Please do post your own suggestions and comments on SciFi worth reading as connected to sensible simplicity and sustainability.

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#1 [url]

Jul 18 09 8:08 PM

I 've got  a couple of recently written interesting fictional futures to add to the list.

This one from the "left" :
"A World Made by Hand " by James H Kunstler who also wrote "The Long Emergency"
revealing Peak Oil problems .

This one from the "right" :
" One Second After " by William R Forstchen creates
 a picture of what
happens when an EMP is set off over the US.

Both stories conclude that survival is reliant upon communities of people
working together.

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Posts: 105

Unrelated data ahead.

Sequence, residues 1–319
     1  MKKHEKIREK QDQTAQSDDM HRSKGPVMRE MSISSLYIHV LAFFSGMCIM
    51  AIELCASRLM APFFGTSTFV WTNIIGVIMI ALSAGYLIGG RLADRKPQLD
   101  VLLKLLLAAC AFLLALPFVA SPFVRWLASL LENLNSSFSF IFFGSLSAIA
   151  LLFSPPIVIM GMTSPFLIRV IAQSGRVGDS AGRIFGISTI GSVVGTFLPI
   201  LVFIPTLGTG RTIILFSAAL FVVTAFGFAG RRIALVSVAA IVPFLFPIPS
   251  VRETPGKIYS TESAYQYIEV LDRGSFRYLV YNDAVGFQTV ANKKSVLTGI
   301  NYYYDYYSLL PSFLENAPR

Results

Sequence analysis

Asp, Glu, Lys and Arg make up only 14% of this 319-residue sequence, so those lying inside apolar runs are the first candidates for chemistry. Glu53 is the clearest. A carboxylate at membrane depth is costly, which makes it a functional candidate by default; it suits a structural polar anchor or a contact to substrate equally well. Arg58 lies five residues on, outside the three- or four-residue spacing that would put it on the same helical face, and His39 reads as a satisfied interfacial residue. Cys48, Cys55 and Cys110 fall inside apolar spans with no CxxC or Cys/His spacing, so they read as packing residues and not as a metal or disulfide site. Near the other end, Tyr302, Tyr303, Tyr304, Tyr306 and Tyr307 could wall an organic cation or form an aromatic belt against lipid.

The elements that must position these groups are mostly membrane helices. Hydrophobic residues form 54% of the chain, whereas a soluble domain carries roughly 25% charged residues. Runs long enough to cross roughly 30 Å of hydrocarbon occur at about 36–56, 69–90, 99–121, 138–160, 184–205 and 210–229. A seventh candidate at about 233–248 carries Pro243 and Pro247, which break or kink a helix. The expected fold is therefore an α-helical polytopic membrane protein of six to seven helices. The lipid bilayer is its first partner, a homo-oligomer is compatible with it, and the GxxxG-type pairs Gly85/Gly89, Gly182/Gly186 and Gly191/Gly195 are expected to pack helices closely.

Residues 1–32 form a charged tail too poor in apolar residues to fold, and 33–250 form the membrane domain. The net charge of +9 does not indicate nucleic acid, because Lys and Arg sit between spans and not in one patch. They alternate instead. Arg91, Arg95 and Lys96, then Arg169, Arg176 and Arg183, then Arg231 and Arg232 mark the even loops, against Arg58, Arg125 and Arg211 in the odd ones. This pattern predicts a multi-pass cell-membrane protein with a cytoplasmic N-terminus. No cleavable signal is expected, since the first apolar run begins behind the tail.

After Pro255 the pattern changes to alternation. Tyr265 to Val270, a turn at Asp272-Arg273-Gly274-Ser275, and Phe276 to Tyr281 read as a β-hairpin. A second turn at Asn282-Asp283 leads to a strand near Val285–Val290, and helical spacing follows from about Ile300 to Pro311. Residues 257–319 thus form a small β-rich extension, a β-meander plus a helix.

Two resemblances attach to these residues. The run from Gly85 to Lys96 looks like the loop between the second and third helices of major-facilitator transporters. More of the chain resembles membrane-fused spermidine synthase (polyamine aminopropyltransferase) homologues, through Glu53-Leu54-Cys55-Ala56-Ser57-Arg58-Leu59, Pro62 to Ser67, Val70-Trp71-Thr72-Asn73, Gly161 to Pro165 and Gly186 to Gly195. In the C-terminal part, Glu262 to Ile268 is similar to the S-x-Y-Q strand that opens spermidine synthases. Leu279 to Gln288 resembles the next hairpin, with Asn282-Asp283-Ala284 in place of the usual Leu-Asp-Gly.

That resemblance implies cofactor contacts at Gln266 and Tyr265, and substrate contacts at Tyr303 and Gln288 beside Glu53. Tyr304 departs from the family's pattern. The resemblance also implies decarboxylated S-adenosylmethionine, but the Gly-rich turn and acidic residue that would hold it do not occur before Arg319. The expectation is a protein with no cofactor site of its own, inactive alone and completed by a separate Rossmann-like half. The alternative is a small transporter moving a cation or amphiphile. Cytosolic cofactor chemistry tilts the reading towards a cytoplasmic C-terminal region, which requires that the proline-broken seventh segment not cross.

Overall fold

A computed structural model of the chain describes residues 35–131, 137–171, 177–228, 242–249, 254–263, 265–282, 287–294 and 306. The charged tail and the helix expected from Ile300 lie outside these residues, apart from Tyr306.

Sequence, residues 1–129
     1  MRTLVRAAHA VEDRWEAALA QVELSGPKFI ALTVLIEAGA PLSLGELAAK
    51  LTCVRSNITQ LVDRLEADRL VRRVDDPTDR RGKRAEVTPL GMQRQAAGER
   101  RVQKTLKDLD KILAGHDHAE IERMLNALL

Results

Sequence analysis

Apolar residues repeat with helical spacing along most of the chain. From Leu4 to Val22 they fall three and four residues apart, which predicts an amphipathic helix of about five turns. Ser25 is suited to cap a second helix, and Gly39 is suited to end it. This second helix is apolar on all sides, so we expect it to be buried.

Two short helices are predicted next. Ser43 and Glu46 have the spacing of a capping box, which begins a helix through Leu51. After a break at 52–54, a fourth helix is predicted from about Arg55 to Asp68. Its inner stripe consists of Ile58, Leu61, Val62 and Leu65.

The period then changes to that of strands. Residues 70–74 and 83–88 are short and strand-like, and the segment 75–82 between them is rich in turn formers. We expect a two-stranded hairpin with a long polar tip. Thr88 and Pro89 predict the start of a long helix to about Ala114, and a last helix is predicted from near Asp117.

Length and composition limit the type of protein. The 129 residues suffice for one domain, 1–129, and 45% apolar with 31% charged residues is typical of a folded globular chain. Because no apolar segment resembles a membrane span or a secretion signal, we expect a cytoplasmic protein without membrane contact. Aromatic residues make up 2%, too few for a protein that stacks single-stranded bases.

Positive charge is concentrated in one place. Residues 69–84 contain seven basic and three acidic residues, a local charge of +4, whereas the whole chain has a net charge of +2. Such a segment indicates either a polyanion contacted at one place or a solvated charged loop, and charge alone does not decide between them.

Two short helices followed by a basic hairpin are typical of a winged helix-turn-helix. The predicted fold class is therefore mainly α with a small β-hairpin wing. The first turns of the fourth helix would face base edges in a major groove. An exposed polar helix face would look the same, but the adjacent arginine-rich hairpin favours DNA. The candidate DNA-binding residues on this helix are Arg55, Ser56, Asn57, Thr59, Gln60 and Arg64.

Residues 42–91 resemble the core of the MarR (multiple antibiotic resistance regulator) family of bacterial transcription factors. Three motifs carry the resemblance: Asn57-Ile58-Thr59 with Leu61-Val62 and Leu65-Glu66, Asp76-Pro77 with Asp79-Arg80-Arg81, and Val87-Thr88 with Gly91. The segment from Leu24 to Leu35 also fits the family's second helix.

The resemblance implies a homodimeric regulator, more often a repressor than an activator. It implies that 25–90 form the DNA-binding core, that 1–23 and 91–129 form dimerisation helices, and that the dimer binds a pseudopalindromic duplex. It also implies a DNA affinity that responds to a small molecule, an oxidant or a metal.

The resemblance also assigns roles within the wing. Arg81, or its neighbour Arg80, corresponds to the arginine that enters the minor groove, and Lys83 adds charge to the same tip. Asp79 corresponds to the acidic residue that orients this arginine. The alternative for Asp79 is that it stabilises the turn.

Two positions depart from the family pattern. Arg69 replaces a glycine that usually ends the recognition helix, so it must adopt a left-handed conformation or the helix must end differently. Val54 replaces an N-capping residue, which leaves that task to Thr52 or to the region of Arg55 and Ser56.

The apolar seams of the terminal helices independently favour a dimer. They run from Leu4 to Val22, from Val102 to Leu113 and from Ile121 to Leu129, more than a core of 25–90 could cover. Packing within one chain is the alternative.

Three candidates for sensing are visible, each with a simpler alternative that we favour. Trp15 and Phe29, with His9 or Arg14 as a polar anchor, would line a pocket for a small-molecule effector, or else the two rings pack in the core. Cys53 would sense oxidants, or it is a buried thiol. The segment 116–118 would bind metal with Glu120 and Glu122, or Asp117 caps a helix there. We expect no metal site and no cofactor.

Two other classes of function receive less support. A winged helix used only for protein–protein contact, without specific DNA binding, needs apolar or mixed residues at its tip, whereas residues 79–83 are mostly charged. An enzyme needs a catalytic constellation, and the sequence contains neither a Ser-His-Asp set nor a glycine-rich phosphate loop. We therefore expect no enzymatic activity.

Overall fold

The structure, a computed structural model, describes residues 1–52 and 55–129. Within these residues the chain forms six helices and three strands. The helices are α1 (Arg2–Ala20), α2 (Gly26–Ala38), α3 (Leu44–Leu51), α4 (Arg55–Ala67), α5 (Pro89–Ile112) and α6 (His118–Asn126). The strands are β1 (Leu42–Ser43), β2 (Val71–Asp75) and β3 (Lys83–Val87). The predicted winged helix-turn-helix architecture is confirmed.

#3 [url]

Jul 18 09 10:50 PM

Steven, You beat me to it: Earth Abides, by George R Stewart is a long-time favorite of mine, written in 1949. I find it hopeful, that is if you're one of the survivors of the first catastrophe...

A different view in The Postman, by David Brin.

Again, both of these show community as being key, in very different forms though.

"And those who were seen dancing were thought to be insane by those who could not hear the music."

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#4 [url]

Jul 19 09 12:22 AM

Hedra, Kunstler used to write for The Rolling Stone. I enjoy reading his blog every Monday at . The World Made by Hand presented several ways
things could go in the future. I found it interesting and had a  laugh or two also.

Yes I read The Road when it first came out about a year ago ??
It was very well written but pretty depressing.

Lizc , if you want to really go back in time, read On the Beach.